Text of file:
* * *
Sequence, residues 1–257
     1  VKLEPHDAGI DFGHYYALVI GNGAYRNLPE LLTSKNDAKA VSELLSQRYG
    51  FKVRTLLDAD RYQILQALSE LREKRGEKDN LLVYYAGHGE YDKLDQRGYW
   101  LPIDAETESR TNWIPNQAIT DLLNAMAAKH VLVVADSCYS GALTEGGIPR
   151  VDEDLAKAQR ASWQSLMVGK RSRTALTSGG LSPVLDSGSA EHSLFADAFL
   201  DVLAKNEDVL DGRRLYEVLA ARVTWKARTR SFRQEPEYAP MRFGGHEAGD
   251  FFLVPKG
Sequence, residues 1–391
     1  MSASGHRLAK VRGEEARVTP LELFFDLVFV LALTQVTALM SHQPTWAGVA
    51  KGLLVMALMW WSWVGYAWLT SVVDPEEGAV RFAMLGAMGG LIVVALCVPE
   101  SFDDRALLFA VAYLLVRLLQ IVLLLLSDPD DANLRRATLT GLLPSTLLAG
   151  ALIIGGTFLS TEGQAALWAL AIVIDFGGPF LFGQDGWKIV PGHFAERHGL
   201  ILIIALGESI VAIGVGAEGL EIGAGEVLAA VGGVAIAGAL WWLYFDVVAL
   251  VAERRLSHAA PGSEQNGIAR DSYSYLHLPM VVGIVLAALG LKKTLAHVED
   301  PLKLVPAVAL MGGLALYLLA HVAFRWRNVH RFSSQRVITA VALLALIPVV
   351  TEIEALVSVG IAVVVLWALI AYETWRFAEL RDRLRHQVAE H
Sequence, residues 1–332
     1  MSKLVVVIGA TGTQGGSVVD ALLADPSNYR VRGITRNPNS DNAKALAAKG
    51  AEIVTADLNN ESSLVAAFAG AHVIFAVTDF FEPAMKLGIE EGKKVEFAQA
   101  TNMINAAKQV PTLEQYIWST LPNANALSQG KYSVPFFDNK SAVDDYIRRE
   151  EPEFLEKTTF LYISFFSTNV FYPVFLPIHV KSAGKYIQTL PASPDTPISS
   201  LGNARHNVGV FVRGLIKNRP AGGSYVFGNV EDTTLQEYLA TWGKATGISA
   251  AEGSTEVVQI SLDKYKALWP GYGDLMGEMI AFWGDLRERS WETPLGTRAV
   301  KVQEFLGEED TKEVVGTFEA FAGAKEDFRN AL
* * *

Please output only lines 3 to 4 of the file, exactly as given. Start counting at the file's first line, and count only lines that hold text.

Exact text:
    51  FKVRTLLDAD RYQILQALSE LREKRGEKDN LLVYYAGHGE YDKLDQRGYW
   101  LPIDAETESR TNWIPNQAIT DLLNAMAAKH VLVVADSCYS GALTEGGIPR